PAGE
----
Pope Francis is the third-best leader in the world, according to Fortune

Pope Francis greets the faithful as he arrives to lead the weekly audience in St. Peter's Square at the Vatican on Sept. 21, 2016. Photo courtesy of Reuters/Remo Casilli

Pope Francis has ranked third on Fortune’s annual “World’s Greatest Leaders” list, in part because of his criticism of what the magazine called “capitalism without conscience.”

The two people on the 50-member list who beat him to the top were first-ranking Theo Epstein, president of the Chicago Cubs, and Jack Ma, chairman of the Alibaba Group e-commerce firm.

Advertisement

The magazine cited Francis’ work to balance the modern and traditional aspects of the Roman Catholic Church, his pushing it to be more accepting of divorced and LGBT Catholics and, more recently, his suggestion of married men as a possible solution to the priest shortage.

“But beyond his church’s walls, it’s the pope’s critique of capitalism without conscience that ensures his enduring influence,” Forbes said Thursday (March 23). “In December at a gathering of CEOs convened by Fortune and Time at the Vatican, Pope Francis called on business leaders to do more to reach the billions of people shut out from the fruits of the global economy.”

Epstein was noted for presiding over the Chicago Cubs as it ended a 108-year-old championship drought, and Ma for his promise to President Trump to create 1 million American jobs in five years.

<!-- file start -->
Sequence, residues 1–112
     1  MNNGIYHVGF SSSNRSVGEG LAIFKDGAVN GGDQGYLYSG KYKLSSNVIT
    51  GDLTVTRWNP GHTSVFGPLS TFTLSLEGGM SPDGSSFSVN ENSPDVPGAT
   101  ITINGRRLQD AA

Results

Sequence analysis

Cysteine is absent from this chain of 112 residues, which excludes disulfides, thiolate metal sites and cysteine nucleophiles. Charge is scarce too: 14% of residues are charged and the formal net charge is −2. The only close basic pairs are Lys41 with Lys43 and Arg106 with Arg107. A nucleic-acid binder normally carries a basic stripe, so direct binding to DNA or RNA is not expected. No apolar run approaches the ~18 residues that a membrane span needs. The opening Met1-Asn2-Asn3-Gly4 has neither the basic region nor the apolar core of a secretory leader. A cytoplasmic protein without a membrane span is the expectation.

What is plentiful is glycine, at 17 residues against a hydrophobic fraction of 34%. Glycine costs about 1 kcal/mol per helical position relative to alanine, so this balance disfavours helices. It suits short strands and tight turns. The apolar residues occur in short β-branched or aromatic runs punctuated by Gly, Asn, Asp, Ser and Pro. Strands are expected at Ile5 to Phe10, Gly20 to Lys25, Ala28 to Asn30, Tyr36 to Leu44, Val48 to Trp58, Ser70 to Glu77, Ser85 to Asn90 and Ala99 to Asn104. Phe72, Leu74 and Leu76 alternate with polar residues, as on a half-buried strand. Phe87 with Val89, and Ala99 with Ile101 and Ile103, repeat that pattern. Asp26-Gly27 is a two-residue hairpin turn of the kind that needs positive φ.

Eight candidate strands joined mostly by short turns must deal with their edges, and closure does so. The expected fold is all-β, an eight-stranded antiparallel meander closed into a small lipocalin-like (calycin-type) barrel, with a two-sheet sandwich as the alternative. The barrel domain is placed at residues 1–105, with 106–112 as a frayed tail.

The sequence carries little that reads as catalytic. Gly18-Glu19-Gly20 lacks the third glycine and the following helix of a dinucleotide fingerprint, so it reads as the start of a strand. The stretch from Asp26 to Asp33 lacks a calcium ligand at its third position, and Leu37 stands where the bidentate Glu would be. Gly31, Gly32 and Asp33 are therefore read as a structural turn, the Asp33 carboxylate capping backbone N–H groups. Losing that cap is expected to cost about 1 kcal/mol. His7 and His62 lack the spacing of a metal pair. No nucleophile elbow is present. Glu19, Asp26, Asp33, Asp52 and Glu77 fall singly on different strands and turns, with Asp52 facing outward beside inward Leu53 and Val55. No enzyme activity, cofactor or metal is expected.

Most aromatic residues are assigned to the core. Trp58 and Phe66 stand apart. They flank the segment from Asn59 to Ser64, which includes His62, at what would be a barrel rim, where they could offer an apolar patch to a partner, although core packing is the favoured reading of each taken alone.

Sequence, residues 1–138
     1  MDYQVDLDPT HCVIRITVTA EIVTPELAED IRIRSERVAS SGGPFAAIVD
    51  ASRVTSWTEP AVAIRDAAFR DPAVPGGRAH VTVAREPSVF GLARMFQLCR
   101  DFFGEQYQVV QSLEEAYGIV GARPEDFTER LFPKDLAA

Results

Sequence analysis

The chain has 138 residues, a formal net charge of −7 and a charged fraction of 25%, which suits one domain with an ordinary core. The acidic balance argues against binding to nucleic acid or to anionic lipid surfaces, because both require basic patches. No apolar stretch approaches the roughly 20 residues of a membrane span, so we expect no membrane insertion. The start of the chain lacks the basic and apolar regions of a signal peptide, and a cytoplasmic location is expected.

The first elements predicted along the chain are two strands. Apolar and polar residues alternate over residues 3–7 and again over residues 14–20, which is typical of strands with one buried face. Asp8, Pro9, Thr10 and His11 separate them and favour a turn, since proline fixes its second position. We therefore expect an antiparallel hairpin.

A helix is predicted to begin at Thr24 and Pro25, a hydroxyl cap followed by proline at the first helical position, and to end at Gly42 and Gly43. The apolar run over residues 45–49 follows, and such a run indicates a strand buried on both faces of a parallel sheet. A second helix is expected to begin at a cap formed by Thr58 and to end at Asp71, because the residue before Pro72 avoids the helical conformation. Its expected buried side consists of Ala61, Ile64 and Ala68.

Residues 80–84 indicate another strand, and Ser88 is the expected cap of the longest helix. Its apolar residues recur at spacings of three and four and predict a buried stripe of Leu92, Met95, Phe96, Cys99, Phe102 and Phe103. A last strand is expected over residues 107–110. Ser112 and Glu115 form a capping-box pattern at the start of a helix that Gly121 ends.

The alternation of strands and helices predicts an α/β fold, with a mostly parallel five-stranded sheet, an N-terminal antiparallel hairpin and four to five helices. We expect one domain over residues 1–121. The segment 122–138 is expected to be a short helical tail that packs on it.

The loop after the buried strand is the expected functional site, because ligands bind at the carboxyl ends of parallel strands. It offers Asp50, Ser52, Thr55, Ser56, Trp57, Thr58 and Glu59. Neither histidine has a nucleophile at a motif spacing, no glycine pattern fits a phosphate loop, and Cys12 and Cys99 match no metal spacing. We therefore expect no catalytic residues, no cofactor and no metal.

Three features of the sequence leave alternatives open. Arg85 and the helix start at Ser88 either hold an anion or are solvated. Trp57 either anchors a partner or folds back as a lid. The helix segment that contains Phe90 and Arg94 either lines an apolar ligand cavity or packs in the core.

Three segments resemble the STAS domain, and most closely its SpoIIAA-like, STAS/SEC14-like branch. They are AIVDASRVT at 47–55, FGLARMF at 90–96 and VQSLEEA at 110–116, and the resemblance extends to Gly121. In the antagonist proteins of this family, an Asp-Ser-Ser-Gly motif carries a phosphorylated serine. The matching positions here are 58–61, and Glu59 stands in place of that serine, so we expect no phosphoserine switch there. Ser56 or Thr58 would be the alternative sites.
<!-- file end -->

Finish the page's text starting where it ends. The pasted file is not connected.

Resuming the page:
Francis topped the list in 2014, the year after he became pope.

“In the brief time since, Francis has electrified the church and attracted legions of non-Catholic admirers by energetically setting a new direction,” Forbes said at the time.

Comments are automatically closed two weeks after an article's initial publication. See our comments policy for more.

Advertisement
More: Pope Francis

Don't miss the best from America

Sign up for our Newsletter to get the Jesuit perspective on news, faith and culture.

The latest from america

Democrats, and the Republicans who understand Dreamers are owed protection, could take a lesson from people of color around the country in how to navigate a political process tainted by racism. The lives of 800,000 Dreamers depend on it.
Antonio De Loera-BrustJanuary 22, 2018
“Separating fathers from families has been going on for a while. But now, even mothers are being separated from their children.”
J.D. Long-GarcíaJanuary 22, 2018
“I ask forgiveness,” the pope said on his flight from Lima to Rome. “It’s a hurt [caused] without wishing it.”
Gerard O’ConnellJanuary 22, 2018